integration time: 10 s
temperature: 20° C.
shear rate 11.64 s-1
Molecular weight is measured by laser light-scattering using the method of R.A. Muzzarelli, C. Lough and M. Emanuelli described in the article "The Molecular Weight of Chitosans studied by Laser Light-Scattering", published in Carbohydrate Res. 164, 433-442 (1987).
The number of germs may be determined by two methods: by counting or by spectrophotometry.
A 1 ml sample is taken from the medium to be analyzed and diluted with 9 ml of a physiological salt solution. This solution is diluted in a ratio of 10:10, after which 1 ml of the diluted solution is placed on a Petri plate and mixed with 10 ml nutrient agar. The plate is then left to incubate overnight at 37° C., after which the number of germs which have developed is counted.
Since the preceding method has the disadvantage of being slow, it is easier to measure the number of germs in suspension by spectrophotometry. A suspension of germs transmits the light passing through it differently from a control suspension containing no germs.
The light transmitted is measured by spectrophotometry for each solution and the reduction in transmission enables the number of germs in suspension to be determined.
This measurement is carried out with a spectrophotometer at a wavelength of 550 nm.
However, this method is not very sensitive and only enables a number of germs larger than or equal to 106 germs per ml to be detected.
(3) C. albicans
So far as this yeast is concerned, the technique of microscopic counting is applied using a Neubauer cell.
The invention is illustrated by the following tests and examples, the tests illustrating the "in vitro" biological activity of the various samples of chitosan. The percentages are by weight except for the degree of deacetylation.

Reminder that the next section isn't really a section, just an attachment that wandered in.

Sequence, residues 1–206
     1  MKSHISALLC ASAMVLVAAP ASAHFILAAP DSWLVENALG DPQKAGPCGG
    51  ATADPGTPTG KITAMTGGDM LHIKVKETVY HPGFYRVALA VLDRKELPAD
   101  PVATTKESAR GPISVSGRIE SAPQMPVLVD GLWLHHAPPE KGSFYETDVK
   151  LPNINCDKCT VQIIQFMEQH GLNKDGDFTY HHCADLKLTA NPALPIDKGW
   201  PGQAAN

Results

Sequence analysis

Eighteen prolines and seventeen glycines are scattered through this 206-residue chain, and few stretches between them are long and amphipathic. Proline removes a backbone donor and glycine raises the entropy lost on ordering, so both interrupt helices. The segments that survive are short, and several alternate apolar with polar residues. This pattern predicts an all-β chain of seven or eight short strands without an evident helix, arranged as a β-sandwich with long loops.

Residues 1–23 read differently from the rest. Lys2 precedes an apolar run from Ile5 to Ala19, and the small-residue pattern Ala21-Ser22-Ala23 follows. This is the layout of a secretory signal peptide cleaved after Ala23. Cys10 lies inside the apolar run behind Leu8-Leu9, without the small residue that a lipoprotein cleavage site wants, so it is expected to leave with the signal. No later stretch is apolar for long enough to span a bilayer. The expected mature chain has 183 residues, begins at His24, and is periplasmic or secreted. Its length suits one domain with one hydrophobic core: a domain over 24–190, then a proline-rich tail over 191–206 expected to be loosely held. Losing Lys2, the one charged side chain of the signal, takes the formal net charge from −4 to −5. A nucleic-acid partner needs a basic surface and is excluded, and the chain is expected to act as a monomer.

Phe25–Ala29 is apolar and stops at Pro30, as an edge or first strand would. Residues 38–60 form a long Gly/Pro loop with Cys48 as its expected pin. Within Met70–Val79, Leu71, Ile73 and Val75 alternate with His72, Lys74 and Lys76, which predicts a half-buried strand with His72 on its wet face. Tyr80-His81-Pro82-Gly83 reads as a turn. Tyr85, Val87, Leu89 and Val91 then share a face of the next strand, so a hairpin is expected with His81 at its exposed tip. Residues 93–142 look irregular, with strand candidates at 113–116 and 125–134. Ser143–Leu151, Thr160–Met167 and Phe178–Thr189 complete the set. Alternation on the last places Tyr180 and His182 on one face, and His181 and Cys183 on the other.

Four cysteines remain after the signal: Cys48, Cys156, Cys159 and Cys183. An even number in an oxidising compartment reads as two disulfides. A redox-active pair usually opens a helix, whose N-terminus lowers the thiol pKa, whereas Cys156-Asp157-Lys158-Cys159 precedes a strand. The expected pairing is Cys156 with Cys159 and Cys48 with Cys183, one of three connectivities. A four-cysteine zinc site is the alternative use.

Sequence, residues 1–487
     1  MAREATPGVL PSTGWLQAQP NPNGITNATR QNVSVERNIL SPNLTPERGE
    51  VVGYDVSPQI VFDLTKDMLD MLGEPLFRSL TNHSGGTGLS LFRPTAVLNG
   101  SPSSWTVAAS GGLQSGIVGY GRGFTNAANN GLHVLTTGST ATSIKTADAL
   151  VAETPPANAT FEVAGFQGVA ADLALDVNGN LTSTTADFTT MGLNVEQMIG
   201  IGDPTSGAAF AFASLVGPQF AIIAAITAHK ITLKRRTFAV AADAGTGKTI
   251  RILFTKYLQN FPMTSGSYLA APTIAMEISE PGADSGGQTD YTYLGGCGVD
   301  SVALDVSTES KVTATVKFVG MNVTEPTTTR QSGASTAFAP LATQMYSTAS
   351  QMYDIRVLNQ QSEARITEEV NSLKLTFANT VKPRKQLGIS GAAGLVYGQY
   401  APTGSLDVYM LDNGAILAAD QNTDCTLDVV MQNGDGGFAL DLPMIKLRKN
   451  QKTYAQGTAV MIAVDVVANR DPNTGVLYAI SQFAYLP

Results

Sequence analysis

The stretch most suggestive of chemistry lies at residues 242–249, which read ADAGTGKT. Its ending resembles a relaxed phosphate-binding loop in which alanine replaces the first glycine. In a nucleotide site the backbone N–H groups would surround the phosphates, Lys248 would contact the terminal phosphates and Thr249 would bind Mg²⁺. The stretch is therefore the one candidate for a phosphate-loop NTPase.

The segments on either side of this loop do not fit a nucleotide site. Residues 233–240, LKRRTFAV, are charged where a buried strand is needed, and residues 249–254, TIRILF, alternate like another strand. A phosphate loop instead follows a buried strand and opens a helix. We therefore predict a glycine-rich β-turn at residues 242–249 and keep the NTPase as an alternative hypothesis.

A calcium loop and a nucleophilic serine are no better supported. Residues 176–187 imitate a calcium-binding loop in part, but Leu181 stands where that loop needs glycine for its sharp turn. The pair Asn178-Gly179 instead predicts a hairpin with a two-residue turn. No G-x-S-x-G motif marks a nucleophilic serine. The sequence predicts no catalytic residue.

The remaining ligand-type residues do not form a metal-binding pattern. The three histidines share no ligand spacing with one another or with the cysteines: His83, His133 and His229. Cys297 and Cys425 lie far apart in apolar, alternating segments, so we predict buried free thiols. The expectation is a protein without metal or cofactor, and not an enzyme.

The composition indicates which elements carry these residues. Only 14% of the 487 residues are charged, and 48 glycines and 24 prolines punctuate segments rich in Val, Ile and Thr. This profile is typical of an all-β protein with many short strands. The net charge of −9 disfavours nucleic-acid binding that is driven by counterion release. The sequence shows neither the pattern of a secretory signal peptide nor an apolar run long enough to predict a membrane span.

Various chitosan samples are prepared as follows in the form of aqueous culture media of microorganisms containing chitosan in solution:
for the bacteria, an aqueous CAYE medium containing 1% hydrolyzed casein, 0.5% yeast extract and 0.2% glucose is prepared
15 for the yeast, an aqueous YES medium containing 0.5% yeast extract and 2% sucrose is prepared
the medium is acidified to pH 2 by addition of 1 N hydrochloric acid
various chitosans of various origins all having a degree of deacetylation of from 80 to 95% are dissolved solved in a 1% hydrochloric acid solution to obtain a chitosan concentration of 1%
the culture medium is divided into several batches to which the chitosan is added with stirring
the pH of each batch is adjusted to 5.8 by addition of 1 N sodium hydroxide and the final volume is adjusted with distilled water
the various batches are sterilized in an autoclave for 15 minutes at 121° C.
The control samples only contain the culture media of which the pH has been adjusted to 5.8.
The various chitosans tested are listed in the following Table in the order of increasing molecular weight and viscosity:
______________________________________Sample Molecular weight Viscosity (mPa.s)______________________________________1 127,925 7.852 135,190 7.593 166,430 13.694 193,610 53.025 233,600 50.226 254,050 27.697 318,890 51.488 351,460 64.039 356,400 51.8510 437,710 69.9911 781,960 82.8212 993,530 120.013 1,140,000 172.7______________________________________
The bacteria are cultured for 8 h on a nutrient medium (in fusion based on veal treated with agar) and then for 16 h on a CAYE medium at pH 5.8.
The yeast is cultured for 3 days on a YES medium at pH 5.8.
The culture is then diluted so that 1 ml culture contains approximately 107 germs.
The various chitosan samples, of which the concentration of 50 μg chitosan per ml culture medium, are inoculated with a suspension of germs of "Candida albicans" to obtain an initial number of approximately 105 germs per ml.
The samples are incubated by agitation at 110 r.p.m. at 23° C.
The number of germs in each sample is measured daily.
An inhibition of growth of "C. albicans " due to the chitosan is observed. The time interval between the day the C. albicans is inoculated and the day when the number of germs of C. albicans begins to grown again is measured.
The following results are obtained (T =control):
__________________________________________________________________________SampleT 1 2 3 4 5 6 7 8 9 10 11 12 13__________________________________________________________________________Time 0 28 18 25 14 14 13 12 12 15 23 3 5 3interval comparison(days)__________________________________________________________________________
It can be seen that the addition of the chitosan samples 1-10 enables the resumption of growth of the number of germs to be retarded for a period of at least 12 days.
Various chitosan samples, of which the concentration is 100 μg chitosan per ml culture medium, are inoculated with suspensions of different organisms at a rate of 1 microorganism per sample to obtain an initial number of approximately 105 germs per ml.